By the 1940s, the Negro leagues began to wane in popularity. As World War II came to an end, journalists who had seen early signs of blacks and whites working together in the service signaled that it would not be long before Major League Baseball would have to drop the color barrier, especially since there was so much talent pent up in the small number of Negro teams still playing. Finally, in 1947 history was made when Branch Rickey, owner of the Brooklyn Dodgers, signed Jackie Robinson to the Brooklyn Dodgers. It was only a matter of time before the Negro League would be an anachronism. When the long time owner of the Monarchs sold the team in 1955, O’Neil felt it was time to pursue a new opportunity, working with a Major League Baseball franchise; though there were black players, there were no blacks in management.
Certainly his love of the game, charming nature, and abilities as a manager went a long way when O’Neil asked the Chicago Cubs if they wanted to use his talents as a scout. O’Neil became the first black man to work on a Major League Baseball team’s scouting force, but real history was made in 1962 when the Cubs named him as a the first black coach. Many young people know O’Neil as the man who signed future Hall of Famer Lou Brock to his first contract as well as many other notable black and white players. Longevity didn’t hurt O’Neil; during the time when most men retired from the game at the age of 65, O’Neil stuck with the game he loved. In the late 1980s when he was already in his late 70s, he gave up coaching and management and returned to the job he loved best, scouting. In 1998 at the age of 87 he was named “Midwest Scout of the Year” while working for the Kansas City Royals.
Shortly after making the move back to scouting, O’Neil took a step toward becoming a national idol representing the national pastime. He entered the national stage in 1990 when he took the lead in an effort to build the Negro Leagues Baseball Museum in Kansas City. O’Neil held the top job as the institution’s honorary board chair until his death. Yet, he still was not a household name, but that would happen in 1994 when Ken Burns’ critically acclaimed multi-part documentary series about Baseball would air on PBS. Burns was disarmed by the first baseman when he met him and immediately decided that O’Neil would be the voice of what many referred to as “Shadow Ball” and life in the Negro Leagues. If you have not watched what I can only describe as “required American television,” you should at least watch some of the excerpts on Youtube; no Sarasotan should miss O’Neil describing his adventures as a young black man in Newtown looking for a way out. He poignantly described seeing the New York Giants coming to town and watching the likes of Giants’ Manager John McGraw and players like Babe Ruth saying, “my eyes are now wide open seeing these people play baseball at a level I never imagined it would be.” He spoke of his uncle, a railroader, who visited Sarasota and then took him to West Palm Beach to see Rube Foster at the Royal Poinciana Hotel. He really sets the scene by saying “ballplayers worked as the bellman porters at the hotels there and they played twice a week…on Thursdays when the maids and the chauffeurs were off and could come to the games and on Sundays when they had half a day off.” When he returned to Newtown he pushed his father, who had also played organized ball to buy the black weekly paper The Amsterdam News so he could read about black ballplayers. He told Burns, “It meant everything to me, because I hand’t thought in terms of black and white, you know. All the professional baseball players I’d seen, they were white….but now I was going to see professionals that were black…and this meant so much to me. It meant getting out of the celery field; it meant improving my life. I said I’m going to be a baseball player.” Maybe O’Neil’s career batting average didn’t break .300, but I got to say, he was batting a thousand after appearing in Burns’ documentary.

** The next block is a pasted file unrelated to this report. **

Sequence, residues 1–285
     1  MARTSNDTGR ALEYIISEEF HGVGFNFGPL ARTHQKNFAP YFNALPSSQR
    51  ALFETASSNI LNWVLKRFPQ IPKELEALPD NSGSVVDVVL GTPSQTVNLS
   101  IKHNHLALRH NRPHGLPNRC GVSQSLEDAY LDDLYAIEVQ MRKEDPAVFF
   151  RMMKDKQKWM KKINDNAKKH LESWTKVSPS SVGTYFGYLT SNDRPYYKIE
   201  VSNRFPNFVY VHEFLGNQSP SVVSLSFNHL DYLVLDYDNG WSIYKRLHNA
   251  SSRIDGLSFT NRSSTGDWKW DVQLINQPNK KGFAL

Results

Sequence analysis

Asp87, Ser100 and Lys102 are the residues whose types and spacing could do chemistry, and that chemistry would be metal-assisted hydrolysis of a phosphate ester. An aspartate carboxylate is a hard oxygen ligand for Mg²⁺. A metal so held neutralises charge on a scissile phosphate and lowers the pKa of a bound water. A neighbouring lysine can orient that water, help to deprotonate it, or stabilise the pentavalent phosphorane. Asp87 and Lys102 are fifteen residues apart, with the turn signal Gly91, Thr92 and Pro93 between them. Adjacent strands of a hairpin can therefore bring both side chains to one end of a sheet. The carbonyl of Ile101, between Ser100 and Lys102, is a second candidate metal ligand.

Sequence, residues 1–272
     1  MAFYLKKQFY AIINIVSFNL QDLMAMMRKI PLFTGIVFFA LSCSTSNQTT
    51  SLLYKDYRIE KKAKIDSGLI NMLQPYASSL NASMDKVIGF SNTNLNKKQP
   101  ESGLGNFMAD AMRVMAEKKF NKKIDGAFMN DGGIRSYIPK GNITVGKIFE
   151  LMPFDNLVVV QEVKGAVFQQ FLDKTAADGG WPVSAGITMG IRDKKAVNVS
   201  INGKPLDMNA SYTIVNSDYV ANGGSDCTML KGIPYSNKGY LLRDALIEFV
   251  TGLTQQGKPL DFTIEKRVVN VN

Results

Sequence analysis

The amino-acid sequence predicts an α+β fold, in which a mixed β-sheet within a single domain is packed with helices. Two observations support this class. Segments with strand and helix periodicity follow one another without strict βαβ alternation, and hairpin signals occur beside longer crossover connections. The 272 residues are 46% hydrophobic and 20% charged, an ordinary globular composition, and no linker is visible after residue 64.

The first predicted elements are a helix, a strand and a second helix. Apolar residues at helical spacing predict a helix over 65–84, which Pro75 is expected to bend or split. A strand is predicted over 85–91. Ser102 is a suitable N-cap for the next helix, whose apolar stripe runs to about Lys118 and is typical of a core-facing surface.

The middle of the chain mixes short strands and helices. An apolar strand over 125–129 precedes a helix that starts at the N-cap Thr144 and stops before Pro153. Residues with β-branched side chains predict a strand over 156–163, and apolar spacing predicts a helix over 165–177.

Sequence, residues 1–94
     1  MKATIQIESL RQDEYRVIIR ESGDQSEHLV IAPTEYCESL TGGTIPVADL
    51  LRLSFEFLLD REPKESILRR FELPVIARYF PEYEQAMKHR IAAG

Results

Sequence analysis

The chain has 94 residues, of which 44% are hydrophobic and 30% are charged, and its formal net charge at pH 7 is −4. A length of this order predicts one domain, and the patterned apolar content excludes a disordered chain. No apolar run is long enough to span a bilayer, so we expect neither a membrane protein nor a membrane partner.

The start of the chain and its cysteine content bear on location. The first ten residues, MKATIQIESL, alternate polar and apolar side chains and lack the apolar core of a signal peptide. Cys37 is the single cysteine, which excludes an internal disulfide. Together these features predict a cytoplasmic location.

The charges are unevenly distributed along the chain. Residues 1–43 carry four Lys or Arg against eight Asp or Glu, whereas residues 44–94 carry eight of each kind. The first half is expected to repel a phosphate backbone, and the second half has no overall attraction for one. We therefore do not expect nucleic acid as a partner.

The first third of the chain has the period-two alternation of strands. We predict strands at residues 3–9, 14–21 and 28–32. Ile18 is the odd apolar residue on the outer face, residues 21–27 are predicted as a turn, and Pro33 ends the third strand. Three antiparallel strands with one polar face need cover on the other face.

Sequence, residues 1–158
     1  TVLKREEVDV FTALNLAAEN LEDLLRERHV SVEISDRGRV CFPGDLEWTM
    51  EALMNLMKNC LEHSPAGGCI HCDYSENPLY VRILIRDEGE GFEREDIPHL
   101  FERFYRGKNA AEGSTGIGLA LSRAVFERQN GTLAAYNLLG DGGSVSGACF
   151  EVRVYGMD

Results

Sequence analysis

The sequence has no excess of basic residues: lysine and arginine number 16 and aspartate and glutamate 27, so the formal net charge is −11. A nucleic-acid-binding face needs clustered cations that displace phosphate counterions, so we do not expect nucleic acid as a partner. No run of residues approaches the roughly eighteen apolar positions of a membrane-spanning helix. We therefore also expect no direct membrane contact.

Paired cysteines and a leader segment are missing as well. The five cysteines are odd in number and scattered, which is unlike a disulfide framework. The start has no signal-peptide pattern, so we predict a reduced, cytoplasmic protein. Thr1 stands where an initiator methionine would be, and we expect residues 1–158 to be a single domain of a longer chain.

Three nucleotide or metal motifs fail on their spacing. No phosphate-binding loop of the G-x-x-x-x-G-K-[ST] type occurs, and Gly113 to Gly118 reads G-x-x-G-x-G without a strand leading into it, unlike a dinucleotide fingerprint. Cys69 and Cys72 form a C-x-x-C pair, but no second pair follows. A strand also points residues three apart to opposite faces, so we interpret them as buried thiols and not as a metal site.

O’Neil has a certain grace and eloquence that you have to see for yourself, but he was never more gracious than when he was controversially
O’Neil probably won more national acclaim after not getting enshrined at Cooperstown; instead of lamenting the decision he used it to his advantage to get the Negro Leagues a place of recognition at Baseball’s holy altar. However, I should mention that there are websites devoted to him gaining what fans believe is his rightful place in the Hall of Fame. After gaining recognition after the Cooperstown debacle and through his efforts to build a place to remember the Negro Leagues, O’Neil spent the rest of his life being honored in innumerable ways including being given honorary doctorates. Of course one such honor is that Sarasota’s Spring Training and Baseball training center was named for him. Last week I profiled Ed Smith Stadium, now the Spring Training home of the Baltimore Oriole’s; the Stadium is just one piece of the overall complex which features 4 fields in addition to the Stadium’s field and the offices for the Baltimore Oriole’s franchise. The Buck O’Neil Baseball Complex at Twin Lakes is quite a mouthful’ many prefer the center’s nickname, “Birdland South.” Unfortunately, the greatest honor ever given to O’Neil came posthumously. Just three months after O’Neil passed away at the age of 94 in October 2006, President George W. Bush awarded him the country’s highest honor it may bestow on a civilian, The Presidential Medal of Freedom. Buck’s brother became his pinch hitter when he went to White House to accept the medal; afterwards, the President took extra time to share his personal recollections of Buck which he obtained while touring the Negro Baseball Leagues Museum with him as a his guide. President Bush remembered Buck for keep the door open on a time period people might want to gloss over, but which we cannot allow people to ever forget. In many respects Buck’s long life allowed him to be a portal to the past while providing Americans with ideal for the future.